I ran with my head on a swivel as I passed through the throngs of spectators in Winston Park. My kids brought a Notre Dame flag to hold to make it easier to spot them. I never saw the flag. I never saw my family. I was well and truly bummed.

My emotional letdown combined with my physical fatigue led me to do something I usually reserve only for the late stages of an ultra– I drank a few sips of Coke.  I wasn’t feeling hungry at all.

I hit Botha’s Hill and chose to employ the same 100 steps running/100 steps walking strategy that got me up Fields. My legs still felt heavy and my stomach was a little touchy, but for one of “the big five” it wasn’t bad.

At 51KM TO GO, the 11-hour bus (pace group) passed me.  That was deflating.  My original goal was to run sub-11, and I knew I had the training to do it.  But once I had the awful 24-hours pre-race, I changed my goal to finishing and feeling good.  Too bad I wasn’t feeling very good at that point.  I knew I needed to keep eating and drinking even though my stomach had flipped. It was also getting hot and very sunny.  I took a water sachet from almost every aid station– of which there are 46 along the route– to pour over me.  I looked like a drowned rat.

At 50KM TO GO, I looked at my watch.  I was right at 5 hours in to the race.  That meant I had 7 hours to go.  Rather than buoying my spirits– 7 hours is plenty of time for 50K– I started into a downward spiral of mathematical miscalculations. Long distance running does a lot of good things for my body, but it really messes with my mind!

Fortunately, right then I looked up and spotted my fellow Wildlands comrade Noeleen.  (This is one of the great benefits of wearing a number bib with your name on it both front and back.)  I shouted to her, and we both broke into a walk as we moved up yet another hill.  I was trying to complain about my stomach and fatigue, but Noeleen would have none of it. She urged me to take in the scenery.  I am grateful to have run in to her at exactly that moment on the course, as my hamstrings started cramping. I winced badly, but we kept walking and talking. I got very worried about adding cramping hamstrings to fatigue and a sour tummy.  Noeleen wasn’t worried…we played a short game of “what if” regarding which house we would buy and what animals we would raise once we moved in.  It was a brilliant way to shift my attention.  We ran together for about 10 minutes before we got split up at a water stop.  Truly, Noeleen was in just the right place at the right time to keep me from cratering.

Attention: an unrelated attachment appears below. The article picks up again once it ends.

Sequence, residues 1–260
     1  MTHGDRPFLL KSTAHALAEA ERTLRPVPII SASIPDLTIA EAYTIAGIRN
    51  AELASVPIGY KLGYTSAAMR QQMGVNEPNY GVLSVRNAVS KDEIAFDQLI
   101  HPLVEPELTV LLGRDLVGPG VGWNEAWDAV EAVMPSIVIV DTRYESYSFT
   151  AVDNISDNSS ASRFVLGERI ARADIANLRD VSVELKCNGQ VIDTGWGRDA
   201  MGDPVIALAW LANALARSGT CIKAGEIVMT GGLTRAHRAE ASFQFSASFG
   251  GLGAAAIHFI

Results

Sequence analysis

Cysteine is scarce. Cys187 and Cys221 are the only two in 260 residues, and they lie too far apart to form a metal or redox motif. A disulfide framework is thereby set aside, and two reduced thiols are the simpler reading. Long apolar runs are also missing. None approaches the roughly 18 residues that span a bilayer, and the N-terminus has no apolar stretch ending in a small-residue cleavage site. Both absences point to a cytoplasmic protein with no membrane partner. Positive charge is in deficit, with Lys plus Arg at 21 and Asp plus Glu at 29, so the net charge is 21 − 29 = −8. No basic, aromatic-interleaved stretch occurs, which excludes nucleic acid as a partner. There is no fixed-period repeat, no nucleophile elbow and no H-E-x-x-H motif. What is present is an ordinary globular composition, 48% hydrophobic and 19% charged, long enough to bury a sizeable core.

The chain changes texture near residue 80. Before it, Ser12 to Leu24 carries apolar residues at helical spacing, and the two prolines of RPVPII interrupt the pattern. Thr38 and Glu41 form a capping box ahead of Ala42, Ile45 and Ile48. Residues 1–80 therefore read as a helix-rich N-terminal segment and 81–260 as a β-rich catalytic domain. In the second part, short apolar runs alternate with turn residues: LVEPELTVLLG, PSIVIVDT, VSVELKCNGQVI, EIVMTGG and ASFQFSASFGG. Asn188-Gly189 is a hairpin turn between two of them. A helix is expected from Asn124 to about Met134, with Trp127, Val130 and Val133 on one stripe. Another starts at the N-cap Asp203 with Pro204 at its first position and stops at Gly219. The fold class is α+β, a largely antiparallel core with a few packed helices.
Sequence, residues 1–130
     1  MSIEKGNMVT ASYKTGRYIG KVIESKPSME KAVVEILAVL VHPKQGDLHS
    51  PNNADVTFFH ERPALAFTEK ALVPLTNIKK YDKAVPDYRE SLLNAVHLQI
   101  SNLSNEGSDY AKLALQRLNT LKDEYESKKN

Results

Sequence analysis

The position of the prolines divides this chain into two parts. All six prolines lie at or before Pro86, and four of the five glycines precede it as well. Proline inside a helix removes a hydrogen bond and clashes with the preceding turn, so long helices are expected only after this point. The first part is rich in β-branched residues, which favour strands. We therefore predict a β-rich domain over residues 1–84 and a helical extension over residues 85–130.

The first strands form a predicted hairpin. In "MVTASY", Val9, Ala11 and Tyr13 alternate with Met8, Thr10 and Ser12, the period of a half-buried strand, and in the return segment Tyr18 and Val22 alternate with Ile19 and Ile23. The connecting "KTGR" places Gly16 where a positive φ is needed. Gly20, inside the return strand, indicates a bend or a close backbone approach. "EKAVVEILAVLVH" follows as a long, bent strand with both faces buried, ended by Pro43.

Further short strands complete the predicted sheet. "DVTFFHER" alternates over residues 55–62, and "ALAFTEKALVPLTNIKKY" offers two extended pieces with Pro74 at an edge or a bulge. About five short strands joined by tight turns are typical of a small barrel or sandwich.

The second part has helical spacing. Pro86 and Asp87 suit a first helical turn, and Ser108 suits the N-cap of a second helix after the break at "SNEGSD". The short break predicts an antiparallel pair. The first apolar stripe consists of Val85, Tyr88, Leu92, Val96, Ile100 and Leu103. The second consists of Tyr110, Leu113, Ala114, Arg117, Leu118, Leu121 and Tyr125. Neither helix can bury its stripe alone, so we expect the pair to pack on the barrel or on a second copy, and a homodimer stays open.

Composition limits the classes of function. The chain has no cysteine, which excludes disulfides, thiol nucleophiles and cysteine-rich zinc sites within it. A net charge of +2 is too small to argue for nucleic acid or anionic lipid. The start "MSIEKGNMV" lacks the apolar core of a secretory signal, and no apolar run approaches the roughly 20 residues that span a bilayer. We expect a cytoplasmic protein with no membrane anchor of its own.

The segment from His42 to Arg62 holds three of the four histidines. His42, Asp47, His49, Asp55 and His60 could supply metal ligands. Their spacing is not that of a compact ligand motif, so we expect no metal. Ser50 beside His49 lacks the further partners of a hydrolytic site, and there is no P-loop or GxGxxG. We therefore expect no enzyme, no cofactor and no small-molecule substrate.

I tried to run “easy, loose, light” on the downhills and walk “strong, fast, tall” on the uphills.  My quads were more sore than I would have liked.  With cramping hamstrings, sore quads weren’t what I needed.  I wasn’t quite to halfway.  I started eating my electrolyte tablets like candy, two or three with a sachet of water at each aid station.  I gave away my PB&J and bottle of Tailwind to some kids cheering on the side of the road.  They were grateful.

I rounded a bend and saw the Wall of Honor on my right.  I took a moment to think of all the other ordinary people who accomplished a dream by running on this route between Durban and PMB.  I also grabbed a flower from the roadside, as I knew Arthur’s Seat was coming up in another quarter-mile or so.  I made my way to the left side of the road so I could lay my tribute on the ever-growing pile. I mustered a friendly, “G’morning, Arthur” in honor of the two-time Comrades winner who is said to have rested at this point in the middle of one of his winning races.  I certainly wasn’t going to turn down any kind of help– real or imagined– for the second half of the race.

As we dropped down into Drummond (the celebratory halfway point, about 1/3 mile shy of mathematical halfway), the smell of the braais on the side of the road hit me for the first time. Rather than turn my stomach, they made me look up and smile and take in all the people who were out enjoying a beautiful sunny day and the spectacle of Comrades. The festive atmosphere in Drummond pulled me out of my funk.  There were so many people at the end of this section that we runners couldn’t be more than two abreast.  The crowds were loud and lively. I did not take any of the barbecued offerings from spectators– at this point, bananas and coke seemed to be the magical formula that was keeping my stomach from full revolt.

And then the 11.30 bus passed me.  What?  I was feeling better!  I thought I was making good time!?  I was confused and dismayed again. I knew that the bus drivers each had their own pacing strategy (many of them follow the “go out fast and try to hang on” method), but I couldn’t believe I was going to slowly as to be behind the 11.30 bus. No matter how much I did the math to try to console myself, I was so worried I was going to miss a cut off.  It was deflating.

I knew that just after Drummond was Inchanga.  Instead of feeling intimidated by the lurking, twisty beast before me, I reminded myself that as soon as I got to the top, I’d have four of the big five behind me. I just had to get there.  My hamstrings were twingy, and I was afraid of them completely locking up as I ascended Inchanga.  I took five 100 step running breaks on my long walk to the top. I was, once again, grateful that I am a strong walker, repeating my uphill mantra to myself as I climbed: “Mountain Goat. Mountain Goat.”

With 42KM TO GO, I reached the top of Inchanga where I had another drop bag waiting for me.  First I smeared sunscreen all over myself, as the sun was intense. Then I eagerly grabbed my next roll of salt stick tablets.  I went ahead and took my PB&J and Tailwind bottle, even though I didn’t think I wanted them. The port-a-potty was in use, so I took my first pee break behind a car.